Caretta Research Project provides a once in a lifetime opportunity for people to experience the ancient rituals of sea turtle nesting and hatching. Volunteers spend one week (Sat-Sat) in the heart of the Wassaw National Wildlife Refuge (GA), living right alongside Sea Turtle Biologists and being involved in every facet of the project.
While collecting data and protecting nests, volunteers may experience the wonder of seeing an adult turtle emerging from the ocean to lay her eggs or the joy of witnessing hatchlings "boiling" up from the sand and scurrying down the beach to the ocean.
It's truly an experience of a lifetime and we hope you decide to join us.
After making your way to Savannah, Georgia, the first step of the CRP Experience is meeting CRP staff and your fellow volunteers at Landings Harbor Marina on Skidaway Island. From there, volunteers take a scenic 30-minute boat ride through the coastal salt marsh ecosystem to Wassaw Island.
The boat ride through Wassaw Sound and the intricate network of tidal creeks surrounding the island is often highlighted by numerous playful dolphins and elegant shorebirds. Some may even catch a glimpse of sea turtle breaking the surface to take a breath along the way. For those unfamiliar with coastal Georgia, this is the perfect introduction to the pristine beauty of the area.
Transport is provided by our dedicated Captains for Caretta, a group of local boat owners that volunteer their time and boats to deliver people and supplies to Wassaw. Their knowledge of the waterways enhances the experience.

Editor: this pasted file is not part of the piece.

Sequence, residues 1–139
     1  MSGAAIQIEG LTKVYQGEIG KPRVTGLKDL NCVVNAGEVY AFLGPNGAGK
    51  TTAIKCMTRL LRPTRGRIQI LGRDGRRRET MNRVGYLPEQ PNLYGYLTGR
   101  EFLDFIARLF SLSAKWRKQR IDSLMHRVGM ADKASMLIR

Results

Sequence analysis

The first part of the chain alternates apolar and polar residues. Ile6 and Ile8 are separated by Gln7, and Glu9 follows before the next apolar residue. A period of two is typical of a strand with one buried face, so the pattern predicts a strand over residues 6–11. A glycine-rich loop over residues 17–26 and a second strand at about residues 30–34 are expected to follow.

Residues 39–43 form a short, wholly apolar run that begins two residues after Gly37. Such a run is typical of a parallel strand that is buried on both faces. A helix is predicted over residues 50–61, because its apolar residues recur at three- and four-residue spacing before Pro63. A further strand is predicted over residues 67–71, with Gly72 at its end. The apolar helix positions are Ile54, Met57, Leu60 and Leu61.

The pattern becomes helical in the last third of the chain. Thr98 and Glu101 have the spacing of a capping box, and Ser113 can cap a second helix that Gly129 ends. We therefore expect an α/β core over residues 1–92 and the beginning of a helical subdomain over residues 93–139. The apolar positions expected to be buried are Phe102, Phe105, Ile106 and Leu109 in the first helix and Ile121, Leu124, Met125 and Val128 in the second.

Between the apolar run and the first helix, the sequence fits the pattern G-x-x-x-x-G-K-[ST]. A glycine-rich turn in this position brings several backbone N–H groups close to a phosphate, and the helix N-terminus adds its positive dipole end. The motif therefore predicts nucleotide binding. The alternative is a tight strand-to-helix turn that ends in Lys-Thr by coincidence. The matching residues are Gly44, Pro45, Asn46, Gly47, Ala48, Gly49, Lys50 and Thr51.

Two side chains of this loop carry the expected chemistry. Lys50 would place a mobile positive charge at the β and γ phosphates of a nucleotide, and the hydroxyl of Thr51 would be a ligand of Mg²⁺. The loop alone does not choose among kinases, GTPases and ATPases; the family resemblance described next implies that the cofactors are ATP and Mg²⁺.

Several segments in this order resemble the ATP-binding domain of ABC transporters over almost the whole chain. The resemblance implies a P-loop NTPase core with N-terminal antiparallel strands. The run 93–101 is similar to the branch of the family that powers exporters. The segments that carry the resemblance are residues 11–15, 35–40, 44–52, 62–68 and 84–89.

Upon arriving, participants are given a brief island orientation, then are set free to explore the island or catch some sleep before dinner and setting out for the first night's sea turtle patrols. Each night, participants should be prepared to be on the beach from approximately 9pm to 6am depending on the season (see below). When turtle activity is slow, however, patrols are interspersed with much needed coffee and snack breaks.
Because most of the sea turtle research activities are conducted at night, most mornings are spent sleeping during the cooler hours of the day. We highly encourage volunteers to sleep as long as possible, but the allure of the island and the beach - and sometimes the heat of the day - make "sleeping-in" difficult for some. A typical day might entail sleeping from 6am to 1pm, grabbing a quick snack, then either walking the trails or to the beach, helping out with daytime research activities or enjoying a good book. Because sleeping schedules among crew members can be highly variable, dinner around 6-7pm is the only communal meal.
The excitement and occasional intensity of the nighttime turtle experiences are nicely balanced by the relaxed, island-life speed of the day.
(May through July)
Nights are spent patrolling seven miles of beach looking for female turtles that have emerged from the ocean to lay their eggs.